Amanda Gier and Robert Hyldahl, Exercise Science
Testing multiple immunohistochemistry protocols, I was unsuccessful at identifying Tregulatory cells in human skeletal muscle samples. A total of 5 months was dedicated to this original project before I was reassigned to look into the presence of CD8+ cells in skeletal muscle. The new project proved to be fruitful as I was able to confidently identify CD8+ cells and analyze their presence in the process of skeletal muscle repair. Furthermore, the data I collected has be incorporated into a paper Dr. Robert Hyldahl is currently working on titled “Skeletal muscle inflammation following repeated bouts of lengthening contractions in humans.”
Immunohistochemistry was used to extract data from the biopsied muscle samples. Muscle samples were cut into 8μm thick sections by a cryostat at 25° C. These samples were then mounted onto Superfrost slides and allowed to air dry for no more than 10 minutes. A hydrophobic membrane was drawn around the muscle sample as it dried to allow for the retention of solutions throughout the protocol. Samples were then fixed in 2% paraformaldehyde solution for 10 minutes. Following the fixation, the samples were washed with PBS and incubated with the primary antibodies overnight at 4°C. The primary antibody solution was a cocktail of CD8+ and Dystrophin primary antibodies diluted in PBS at 1:50 and 1:500 respectively. On the following day, samples were washed in PBS then incubated in secondary antibodies. The secondary antibody solution included Alexa Fluor goat antimouse and CY3 goat antirabbit both diluted in PBS at 1:100 with 1μm of DAPI. Secondary incubation continued for 30 minutes at 37°C in a dark humidified chamber. After the secondary incubation had finished, samples were washed with PBS and dipped in dH2O. Samples were then dried and mounted with Flouroshield Histology Mounting Medium.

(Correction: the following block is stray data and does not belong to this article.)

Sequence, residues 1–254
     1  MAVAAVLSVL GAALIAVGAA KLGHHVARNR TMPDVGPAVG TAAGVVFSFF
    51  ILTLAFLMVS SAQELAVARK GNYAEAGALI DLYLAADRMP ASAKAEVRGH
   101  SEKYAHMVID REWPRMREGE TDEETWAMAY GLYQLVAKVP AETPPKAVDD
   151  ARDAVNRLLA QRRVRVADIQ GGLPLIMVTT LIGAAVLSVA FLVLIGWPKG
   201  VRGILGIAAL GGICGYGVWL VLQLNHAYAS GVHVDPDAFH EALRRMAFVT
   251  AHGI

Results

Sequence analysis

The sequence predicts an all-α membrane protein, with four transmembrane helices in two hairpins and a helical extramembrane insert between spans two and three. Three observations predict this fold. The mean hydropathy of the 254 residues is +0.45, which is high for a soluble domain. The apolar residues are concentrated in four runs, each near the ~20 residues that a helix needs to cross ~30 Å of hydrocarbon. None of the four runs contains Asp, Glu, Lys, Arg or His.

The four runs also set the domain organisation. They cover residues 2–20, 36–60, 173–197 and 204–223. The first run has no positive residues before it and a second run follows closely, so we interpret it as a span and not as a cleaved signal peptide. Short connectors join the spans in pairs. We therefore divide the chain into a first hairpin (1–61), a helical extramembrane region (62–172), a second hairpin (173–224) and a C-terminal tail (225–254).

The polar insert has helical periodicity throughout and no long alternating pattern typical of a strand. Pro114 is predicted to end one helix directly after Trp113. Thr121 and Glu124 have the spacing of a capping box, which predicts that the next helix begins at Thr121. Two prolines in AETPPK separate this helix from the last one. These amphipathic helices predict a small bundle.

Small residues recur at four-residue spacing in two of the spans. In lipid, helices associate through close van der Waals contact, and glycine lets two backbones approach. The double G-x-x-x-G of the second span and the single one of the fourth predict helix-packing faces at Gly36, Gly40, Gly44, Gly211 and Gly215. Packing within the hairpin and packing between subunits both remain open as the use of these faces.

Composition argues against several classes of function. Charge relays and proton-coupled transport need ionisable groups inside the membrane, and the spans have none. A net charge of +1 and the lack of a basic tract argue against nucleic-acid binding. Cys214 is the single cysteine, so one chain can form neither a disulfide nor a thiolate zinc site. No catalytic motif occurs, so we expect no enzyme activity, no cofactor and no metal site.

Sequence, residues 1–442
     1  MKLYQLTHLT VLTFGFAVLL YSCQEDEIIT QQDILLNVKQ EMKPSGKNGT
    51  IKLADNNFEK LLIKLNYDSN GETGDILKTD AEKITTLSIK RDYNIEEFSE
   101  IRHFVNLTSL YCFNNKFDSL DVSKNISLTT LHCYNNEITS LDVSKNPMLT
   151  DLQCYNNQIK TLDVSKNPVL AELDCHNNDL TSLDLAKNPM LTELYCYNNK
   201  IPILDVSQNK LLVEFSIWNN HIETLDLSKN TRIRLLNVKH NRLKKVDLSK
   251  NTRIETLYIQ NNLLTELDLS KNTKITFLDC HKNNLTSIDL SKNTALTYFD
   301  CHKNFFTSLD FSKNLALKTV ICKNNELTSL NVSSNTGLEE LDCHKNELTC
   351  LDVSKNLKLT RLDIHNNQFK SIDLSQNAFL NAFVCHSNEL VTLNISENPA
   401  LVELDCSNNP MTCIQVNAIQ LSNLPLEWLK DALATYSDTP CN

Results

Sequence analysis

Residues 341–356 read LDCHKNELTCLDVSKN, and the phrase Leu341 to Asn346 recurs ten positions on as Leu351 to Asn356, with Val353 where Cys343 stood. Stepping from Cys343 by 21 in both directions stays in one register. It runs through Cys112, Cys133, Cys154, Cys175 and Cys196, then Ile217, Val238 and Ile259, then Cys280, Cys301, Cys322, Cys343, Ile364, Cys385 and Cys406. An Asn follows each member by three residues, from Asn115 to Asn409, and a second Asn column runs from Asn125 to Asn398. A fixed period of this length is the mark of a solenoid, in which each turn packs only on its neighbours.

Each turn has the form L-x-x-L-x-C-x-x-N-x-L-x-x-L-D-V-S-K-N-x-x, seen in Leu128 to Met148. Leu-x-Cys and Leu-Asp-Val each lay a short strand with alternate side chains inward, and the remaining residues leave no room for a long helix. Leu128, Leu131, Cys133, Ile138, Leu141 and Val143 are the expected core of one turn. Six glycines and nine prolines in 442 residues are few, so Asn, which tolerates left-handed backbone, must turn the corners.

Mounted samples were then imaged with an Olympus IX73 by investigators who were blinded to the experiment’s conditions and time points. Images of the entire 56 samples were captured at 20X. There were around 1012 images were taken of each muscle sample. An average of 801.9 ± 329.3 muscle fibers were imaged on each muscle sample. Positive CD8+ cells were defined by the following conditions: significantly brighter than the stain on the surrounding tissue, circularly in shape, outlining a DAPI positive skeletal muscle nuclei, and outside of the muscle cell membrane.1
Upon analyzing the data, there were several muscle biopsy timepoints that were found to be statistically significant. There was a significant increase in the amount of CD8 cells found after the second bout of exercise when compared to the preexercise biopsy. Additionally the data showed more CD8 cells after the second bout of exercise compared to the first bout of exercise. This indicates that inflammatory cells were present at higher numbers after the muscle had been exposed to the damaging exercise a second time.
During the imaging of the muscle samples, it was noted that CD8 cells appeared to be clustered around necrotic muscle fibers in high numbers. However, further research would need to be done to conclude the role CD8 cells have to regenerating muscle fibers in the reconstruction of skeletal muscle.
1 See Figures 13.